I’d love to say that this type of behavior is normal and natural and easy for me. It’s NOT. Like a wild kitten, I want to jump around and do all the things all the time.
But I realize that MO is not resulting in the kind of life I want to live. It’s not making me happy, and worse, it’s causing me to miss the happy things that are happening in front of me, all the time.
I’d also love to say that I’m doing this perfectly. Ha! I’m totally not. As a mom, wife, and business owner, I still have to do lots of things: laundry, dishes, meal planning, kid shuttling, client communication, social media. These are facts of my life. But these do not have to BE my life. My life is much more than posting on social media and getting my kids to soccer on time. My life is about much more important things–family, friendships, a sense of personal peace.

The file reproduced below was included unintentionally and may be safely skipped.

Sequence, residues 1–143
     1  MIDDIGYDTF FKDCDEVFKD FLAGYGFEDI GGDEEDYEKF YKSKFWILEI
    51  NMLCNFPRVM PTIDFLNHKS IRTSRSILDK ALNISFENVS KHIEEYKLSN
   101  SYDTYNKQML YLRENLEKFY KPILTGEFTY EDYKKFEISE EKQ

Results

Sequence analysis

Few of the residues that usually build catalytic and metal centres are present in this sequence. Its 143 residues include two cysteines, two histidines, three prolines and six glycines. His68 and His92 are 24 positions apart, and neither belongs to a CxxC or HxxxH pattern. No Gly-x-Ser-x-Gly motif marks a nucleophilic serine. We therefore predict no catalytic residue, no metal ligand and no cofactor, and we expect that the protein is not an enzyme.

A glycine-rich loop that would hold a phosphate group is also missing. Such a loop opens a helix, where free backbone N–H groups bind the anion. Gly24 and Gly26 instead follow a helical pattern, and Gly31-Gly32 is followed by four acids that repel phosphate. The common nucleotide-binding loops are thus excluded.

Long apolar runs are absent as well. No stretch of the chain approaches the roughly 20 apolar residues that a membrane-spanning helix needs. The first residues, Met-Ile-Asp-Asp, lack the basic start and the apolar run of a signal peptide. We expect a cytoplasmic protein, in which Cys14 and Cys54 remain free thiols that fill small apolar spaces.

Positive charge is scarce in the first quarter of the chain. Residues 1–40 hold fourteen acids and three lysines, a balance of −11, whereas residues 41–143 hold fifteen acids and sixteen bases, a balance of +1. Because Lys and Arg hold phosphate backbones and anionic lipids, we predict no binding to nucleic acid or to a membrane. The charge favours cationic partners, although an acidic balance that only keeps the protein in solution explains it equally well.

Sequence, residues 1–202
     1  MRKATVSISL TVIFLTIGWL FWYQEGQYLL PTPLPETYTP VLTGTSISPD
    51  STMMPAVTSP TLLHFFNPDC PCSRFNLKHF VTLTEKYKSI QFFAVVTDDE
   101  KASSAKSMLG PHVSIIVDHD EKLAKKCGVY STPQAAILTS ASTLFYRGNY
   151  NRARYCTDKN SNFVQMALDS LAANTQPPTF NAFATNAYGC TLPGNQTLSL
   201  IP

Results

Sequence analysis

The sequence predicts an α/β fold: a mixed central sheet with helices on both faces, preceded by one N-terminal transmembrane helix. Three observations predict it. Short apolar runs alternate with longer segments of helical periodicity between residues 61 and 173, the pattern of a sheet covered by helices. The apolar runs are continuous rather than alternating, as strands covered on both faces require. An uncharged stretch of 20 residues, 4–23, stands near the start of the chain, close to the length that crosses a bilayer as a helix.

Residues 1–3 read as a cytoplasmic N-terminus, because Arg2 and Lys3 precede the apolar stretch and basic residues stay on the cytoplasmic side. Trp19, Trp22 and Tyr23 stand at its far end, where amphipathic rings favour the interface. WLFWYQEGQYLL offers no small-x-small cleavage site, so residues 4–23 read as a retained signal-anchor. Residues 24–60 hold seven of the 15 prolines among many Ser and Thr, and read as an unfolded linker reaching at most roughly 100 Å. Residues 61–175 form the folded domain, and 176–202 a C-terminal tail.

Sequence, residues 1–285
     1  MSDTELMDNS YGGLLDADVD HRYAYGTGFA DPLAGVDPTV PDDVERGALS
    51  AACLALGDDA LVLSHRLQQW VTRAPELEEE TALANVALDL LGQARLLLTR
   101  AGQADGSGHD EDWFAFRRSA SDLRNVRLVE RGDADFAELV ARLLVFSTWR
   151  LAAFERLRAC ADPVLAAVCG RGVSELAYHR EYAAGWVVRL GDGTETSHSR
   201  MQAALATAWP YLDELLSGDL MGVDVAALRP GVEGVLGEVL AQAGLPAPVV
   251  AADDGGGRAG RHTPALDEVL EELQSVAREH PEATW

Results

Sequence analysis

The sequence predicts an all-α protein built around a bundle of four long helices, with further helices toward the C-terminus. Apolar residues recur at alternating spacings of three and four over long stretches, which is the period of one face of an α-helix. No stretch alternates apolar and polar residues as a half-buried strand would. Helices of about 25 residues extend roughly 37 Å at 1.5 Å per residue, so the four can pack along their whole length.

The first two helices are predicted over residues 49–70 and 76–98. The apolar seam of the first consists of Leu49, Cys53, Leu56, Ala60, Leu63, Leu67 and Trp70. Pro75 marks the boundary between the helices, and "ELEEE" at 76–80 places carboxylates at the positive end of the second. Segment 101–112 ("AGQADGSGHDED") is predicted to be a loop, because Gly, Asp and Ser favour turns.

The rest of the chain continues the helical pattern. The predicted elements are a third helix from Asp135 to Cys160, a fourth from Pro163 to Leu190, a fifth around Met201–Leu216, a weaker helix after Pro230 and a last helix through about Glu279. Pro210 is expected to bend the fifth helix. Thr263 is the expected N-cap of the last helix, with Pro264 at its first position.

And in order to live a life that actually looks like that, I have to train myself to live like that.
So whaddaya say? Would you like to try some forced petting relaxation training in your own life?
If so, here are 5 steps you can take:
Step 1: Recognize the urge to go-go-go. I know, this seems like a totally skippable step, but it’s the most important. We often live our lives completely unaware that we aren’t really there. We’re so distracted by busy. So recognizing the urge is the first step. And honestly, you could just stop here and be a total success! But if you’re in it to win it (and all you overachievers out there totally are!), go on to step 2…
Step 2: Ask yourself: do I really NEED to do these things? Be honest. Perhaps some of them you do. Perhaps some of them you don’t. (Spoiler alert: probably most of them you don’t.) But if you DO need to do some of them, this is great. You’ve just prioritized! That’s a major struggle for most overachiever/perfectionist types. Way to go! Again, you can stop here and still get a gold star in forced petting. But I know you, you wanna catch the big fish. Alright then, move on to step 3…